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Re: [css3-flexbox] getting multiline flexbox back into the spec

From: Alan Gresley <alan@css-class.com>
Date: Wed, 08 Jun 2011 17:54:52 +1000
Message-ID: <4DEF2ACC.4050705@css-class.com>
To: fantasai <fantasai.lists@inkedblade.net>
CC: www-style@w3.org
On 8/06/2011 3:50 PM, fantasai wrote:
> On 06/08/2011 01:06 PM, Andrew Fedoniouk wrote:
>>
>> Agree in general on this but I think we are missing some point in the
>> discussion.
>>
>> First of all I have to say that for three or so years using flexes, in
>> particular flow:horizontal, I did not get any requests
>> to provide anything close to box-direction.
>>
>> flow:horizontal follows directionality of UI and it is perfectly enough
>> so far.
>>
>> If you need non-default order of elements then it usually happens when
>> a) you have known number of children and b) most
>> probably you will also need to replace elements in non-consecutive
>> order. In this case you can use explicit, templated
>> definition:
>>
>> block-flow: 4-3-2-1; // or block-flow: 1-3-2-4; // or even
>> block-flow: 1-2-2-3
>> 1-4-5-5;
>> I would insist that "template" is a natural part of flex module. It
>> simplifies layout definitions a lot.
>>
>> OK, back to flow:horizontal and flow:horizontal-wrap...
>> These layouts are used when:
>>
>> 1) Number of children is not known upfront and/or 2) the number can
>> change dynamically.
>>
>> Examples: headers/toolbars, footers/statusbars, panels with splitters
>> between them, etc.
>>
>> Having visual flow to run in opposite direction from DOM order is
>> a source of permanent problems (who implemented LTR/RTL text editing
>> will understand me here).
>>
>> If we really want to provide explicit definition of order of blocks
>> then it can be done as:
>> block-flow: horizontal; /* uses default directionality,
>> @dir->direction */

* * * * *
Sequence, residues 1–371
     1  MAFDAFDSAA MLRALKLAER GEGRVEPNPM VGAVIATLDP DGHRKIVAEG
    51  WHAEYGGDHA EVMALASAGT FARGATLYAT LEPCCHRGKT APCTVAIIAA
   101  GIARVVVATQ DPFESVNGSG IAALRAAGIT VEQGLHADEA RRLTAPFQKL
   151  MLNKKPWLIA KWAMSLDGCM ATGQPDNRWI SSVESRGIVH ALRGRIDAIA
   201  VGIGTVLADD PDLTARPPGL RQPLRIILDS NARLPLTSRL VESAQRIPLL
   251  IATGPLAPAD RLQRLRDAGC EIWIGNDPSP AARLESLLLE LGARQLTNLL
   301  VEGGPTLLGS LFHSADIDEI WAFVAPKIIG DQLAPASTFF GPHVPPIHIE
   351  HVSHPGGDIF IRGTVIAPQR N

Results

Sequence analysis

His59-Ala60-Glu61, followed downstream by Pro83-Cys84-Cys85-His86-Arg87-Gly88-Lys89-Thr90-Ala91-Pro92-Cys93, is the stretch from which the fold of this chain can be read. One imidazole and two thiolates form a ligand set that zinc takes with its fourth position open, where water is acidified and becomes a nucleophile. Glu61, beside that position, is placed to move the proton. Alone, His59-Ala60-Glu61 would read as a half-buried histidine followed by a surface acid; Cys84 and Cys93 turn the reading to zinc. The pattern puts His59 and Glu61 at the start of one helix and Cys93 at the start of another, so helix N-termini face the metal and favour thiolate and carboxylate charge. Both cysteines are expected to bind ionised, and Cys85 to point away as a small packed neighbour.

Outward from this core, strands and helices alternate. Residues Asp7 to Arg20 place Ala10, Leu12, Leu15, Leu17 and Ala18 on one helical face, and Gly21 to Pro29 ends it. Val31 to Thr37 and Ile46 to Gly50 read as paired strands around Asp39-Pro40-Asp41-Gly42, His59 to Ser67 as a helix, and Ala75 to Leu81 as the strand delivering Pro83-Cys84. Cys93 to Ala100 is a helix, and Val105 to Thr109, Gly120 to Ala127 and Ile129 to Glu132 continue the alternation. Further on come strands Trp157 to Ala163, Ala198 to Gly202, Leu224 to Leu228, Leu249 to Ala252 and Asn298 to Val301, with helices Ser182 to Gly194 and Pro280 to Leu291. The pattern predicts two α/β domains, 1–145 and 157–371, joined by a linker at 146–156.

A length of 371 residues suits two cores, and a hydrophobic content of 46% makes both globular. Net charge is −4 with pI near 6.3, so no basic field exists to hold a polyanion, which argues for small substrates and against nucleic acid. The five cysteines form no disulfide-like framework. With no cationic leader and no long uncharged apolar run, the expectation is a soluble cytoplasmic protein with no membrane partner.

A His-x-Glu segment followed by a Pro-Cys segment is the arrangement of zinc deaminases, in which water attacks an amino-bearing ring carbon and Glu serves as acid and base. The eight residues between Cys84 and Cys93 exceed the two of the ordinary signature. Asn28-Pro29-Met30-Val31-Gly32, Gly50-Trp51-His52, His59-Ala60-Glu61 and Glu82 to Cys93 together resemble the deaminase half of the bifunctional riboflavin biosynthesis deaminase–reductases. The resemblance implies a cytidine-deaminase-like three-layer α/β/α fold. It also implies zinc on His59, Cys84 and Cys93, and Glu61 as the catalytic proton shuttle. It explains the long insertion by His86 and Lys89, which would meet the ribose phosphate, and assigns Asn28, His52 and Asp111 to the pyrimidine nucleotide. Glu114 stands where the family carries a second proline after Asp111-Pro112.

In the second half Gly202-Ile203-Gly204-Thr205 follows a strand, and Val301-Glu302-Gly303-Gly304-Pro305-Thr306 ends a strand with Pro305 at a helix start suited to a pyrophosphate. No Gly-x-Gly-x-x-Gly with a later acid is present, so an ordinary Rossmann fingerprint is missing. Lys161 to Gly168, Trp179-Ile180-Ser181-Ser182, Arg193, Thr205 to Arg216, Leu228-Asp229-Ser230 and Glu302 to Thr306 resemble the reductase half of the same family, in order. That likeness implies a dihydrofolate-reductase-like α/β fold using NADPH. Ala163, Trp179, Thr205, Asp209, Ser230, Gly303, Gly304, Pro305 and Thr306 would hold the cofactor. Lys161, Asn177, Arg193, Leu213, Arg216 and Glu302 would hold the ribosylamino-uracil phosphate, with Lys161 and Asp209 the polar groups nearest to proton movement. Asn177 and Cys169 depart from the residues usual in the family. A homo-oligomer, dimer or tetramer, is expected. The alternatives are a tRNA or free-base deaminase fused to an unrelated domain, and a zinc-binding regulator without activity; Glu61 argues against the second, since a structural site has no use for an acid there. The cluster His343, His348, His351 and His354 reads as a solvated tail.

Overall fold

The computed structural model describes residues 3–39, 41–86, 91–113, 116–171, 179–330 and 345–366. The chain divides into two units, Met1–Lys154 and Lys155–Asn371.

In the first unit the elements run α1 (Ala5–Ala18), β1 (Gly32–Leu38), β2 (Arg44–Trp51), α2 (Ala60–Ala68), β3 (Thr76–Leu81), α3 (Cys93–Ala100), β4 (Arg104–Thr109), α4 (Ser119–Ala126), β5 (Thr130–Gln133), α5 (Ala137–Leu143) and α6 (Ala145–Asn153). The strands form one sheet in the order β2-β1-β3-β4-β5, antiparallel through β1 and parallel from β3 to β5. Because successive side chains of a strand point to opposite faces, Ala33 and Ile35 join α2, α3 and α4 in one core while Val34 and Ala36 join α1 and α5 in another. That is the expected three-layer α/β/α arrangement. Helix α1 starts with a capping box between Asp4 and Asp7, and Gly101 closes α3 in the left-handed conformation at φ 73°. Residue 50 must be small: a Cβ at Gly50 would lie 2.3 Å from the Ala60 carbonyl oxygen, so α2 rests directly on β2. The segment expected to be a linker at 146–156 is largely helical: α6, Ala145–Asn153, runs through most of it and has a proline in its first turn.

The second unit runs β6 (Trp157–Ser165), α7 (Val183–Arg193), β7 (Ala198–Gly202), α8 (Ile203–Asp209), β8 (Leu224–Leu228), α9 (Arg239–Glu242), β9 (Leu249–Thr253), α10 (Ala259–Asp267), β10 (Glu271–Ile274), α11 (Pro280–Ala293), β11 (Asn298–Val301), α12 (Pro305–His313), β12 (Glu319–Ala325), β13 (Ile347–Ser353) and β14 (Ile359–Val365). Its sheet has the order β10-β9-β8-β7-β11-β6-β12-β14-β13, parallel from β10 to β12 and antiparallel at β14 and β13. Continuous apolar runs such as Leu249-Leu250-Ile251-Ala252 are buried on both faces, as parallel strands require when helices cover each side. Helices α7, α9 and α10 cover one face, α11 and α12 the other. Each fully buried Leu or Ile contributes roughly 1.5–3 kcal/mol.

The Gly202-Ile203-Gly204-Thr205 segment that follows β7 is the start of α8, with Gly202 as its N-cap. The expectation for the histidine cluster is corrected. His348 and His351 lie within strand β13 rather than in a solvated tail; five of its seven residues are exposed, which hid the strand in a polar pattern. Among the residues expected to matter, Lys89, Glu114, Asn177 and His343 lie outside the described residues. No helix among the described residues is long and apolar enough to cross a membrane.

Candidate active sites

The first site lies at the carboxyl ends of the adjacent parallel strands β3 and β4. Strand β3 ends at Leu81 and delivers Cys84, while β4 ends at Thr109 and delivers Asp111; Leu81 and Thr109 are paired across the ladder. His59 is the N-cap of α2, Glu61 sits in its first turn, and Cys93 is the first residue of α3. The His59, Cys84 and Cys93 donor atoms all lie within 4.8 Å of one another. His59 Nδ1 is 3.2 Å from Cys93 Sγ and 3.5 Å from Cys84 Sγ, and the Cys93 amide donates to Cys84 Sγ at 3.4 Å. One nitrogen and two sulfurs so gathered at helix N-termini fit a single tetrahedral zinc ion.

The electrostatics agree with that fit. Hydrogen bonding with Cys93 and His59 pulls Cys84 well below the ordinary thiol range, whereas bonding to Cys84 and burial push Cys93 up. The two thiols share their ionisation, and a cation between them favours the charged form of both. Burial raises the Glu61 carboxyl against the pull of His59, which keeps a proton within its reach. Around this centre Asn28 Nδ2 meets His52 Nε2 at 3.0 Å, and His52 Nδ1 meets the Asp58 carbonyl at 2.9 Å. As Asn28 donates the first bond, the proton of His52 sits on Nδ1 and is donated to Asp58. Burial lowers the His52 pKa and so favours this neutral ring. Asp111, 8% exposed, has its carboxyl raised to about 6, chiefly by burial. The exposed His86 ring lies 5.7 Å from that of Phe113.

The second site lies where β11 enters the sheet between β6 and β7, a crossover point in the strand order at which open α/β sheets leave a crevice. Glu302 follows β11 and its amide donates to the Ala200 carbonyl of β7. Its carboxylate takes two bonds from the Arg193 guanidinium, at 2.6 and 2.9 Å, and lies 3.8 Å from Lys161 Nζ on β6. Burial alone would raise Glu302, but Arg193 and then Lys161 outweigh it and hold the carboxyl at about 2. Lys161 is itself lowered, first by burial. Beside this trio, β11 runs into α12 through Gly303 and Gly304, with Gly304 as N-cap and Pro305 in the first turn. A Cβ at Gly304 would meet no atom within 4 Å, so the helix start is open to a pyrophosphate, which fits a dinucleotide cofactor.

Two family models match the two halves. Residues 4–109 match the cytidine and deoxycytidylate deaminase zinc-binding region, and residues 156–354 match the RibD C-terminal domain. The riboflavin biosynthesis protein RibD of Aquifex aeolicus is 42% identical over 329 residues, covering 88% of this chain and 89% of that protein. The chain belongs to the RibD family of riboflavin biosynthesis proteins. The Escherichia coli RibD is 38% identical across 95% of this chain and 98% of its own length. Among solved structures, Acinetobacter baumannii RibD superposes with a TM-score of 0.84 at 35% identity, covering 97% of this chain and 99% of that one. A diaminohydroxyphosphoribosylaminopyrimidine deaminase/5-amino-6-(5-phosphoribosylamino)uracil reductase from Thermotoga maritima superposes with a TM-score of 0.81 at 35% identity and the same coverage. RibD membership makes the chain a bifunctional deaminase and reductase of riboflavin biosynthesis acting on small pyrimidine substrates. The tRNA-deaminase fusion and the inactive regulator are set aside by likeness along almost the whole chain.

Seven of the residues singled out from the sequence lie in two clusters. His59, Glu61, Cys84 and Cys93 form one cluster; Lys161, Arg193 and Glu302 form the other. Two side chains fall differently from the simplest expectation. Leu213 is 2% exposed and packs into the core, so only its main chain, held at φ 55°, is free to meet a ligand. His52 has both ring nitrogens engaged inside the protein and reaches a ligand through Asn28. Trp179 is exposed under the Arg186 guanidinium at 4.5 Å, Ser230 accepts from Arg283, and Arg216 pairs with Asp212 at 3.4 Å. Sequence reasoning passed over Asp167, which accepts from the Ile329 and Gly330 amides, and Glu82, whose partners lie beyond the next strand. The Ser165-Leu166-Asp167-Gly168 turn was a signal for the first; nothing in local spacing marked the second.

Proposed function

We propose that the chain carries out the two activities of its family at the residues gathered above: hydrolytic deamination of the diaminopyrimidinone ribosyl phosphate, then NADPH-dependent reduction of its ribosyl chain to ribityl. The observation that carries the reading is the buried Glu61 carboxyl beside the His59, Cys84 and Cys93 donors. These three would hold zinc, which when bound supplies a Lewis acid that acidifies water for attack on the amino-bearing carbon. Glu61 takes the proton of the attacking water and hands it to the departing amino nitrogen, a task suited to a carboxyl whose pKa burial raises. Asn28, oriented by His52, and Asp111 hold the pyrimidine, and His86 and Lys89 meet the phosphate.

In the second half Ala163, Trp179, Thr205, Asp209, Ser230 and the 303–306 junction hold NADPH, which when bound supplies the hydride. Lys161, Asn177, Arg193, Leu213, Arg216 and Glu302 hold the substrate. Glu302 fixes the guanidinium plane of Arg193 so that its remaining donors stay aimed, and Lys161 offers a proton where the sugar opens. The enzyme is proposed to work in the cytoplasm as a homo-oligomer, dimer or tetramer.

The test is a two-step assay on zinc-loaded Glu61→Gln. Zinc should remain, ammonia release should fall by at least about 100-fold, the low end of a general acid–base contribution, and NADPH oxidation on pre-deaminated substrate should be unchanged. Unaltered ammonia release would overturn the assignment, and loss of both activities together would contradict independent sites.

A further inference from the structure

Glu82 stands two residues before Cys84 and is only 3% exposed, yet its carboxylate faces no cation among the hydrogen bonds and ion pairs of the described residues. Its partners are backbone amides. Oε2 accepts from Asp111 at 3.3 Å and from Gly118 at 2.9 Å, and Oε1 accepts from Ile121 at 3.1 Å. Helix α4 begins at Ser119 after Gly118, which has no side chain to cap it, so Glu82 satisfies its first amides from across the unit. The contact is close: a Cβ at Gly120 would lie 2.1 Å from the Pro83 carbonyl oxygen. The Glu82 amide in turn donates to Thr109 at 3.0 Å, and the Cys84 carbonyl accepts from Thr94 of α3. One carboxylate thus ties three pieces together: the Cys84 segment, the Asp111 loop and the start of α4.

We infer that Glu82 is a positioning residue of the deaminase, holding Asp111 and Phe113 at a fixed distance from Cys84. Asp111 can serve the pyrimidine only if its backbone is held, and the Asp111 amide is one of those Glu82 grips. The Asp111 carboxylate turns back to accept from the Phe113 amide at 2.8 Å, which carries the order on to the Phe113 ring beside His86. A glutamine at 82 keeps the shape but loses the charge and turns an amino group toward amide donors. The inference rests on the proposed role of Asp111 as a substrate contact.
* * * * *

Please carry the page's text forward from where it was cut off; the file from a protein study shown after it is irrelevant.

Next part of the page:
>> block-flow: horizontal-ltr; /* left-to-right */
>> block-flow: horizontal-rtl; /* right-to-left */
>>
>> block-flow: vertical; /* uses default directionality: ttb */
>> block-flow: vertical-ttb; /* top-to-bottom */
>> block-flow: vertical-btt; /* bottom-to-top */
>>
>> Explicit declaration as 'horizontal-ltr' is significantly more reliable
>> than anything like 'direction:horizontal reverse'
>
> While I agree that we should have a way to explicitly say 'horizontal-ltr',
> I'm not so certain that logical backwardness isn't needed. I can't think
> of a use case for backwards ordering in the inline dimension, but I can
> see backwards ordering being useful in the block direction when you have
> columns.


(Note: These questions and concepts are not directed at Fantasai since 
from what I have seen, she can grasp what base direction really is)


I agree. May I propose 'horizontal-base'. I ask these questions

  1. What really is this horizontal "concept"?

  2. How does this horizontal "concept" become something
     that progresses downwards.


Some notion of this "concept" is found in CSS 2.1 [1].

   | In general, the left edge of a line box touches
   | the left edge of its containing block and the
   | right edge touches the right edge of its containing
   | block.


Another part which is really interesting.

   | When an inline box exceeds the width of a line
   | box, it is split into several boxes and these boxes
   | are distributed across several line boxes. If an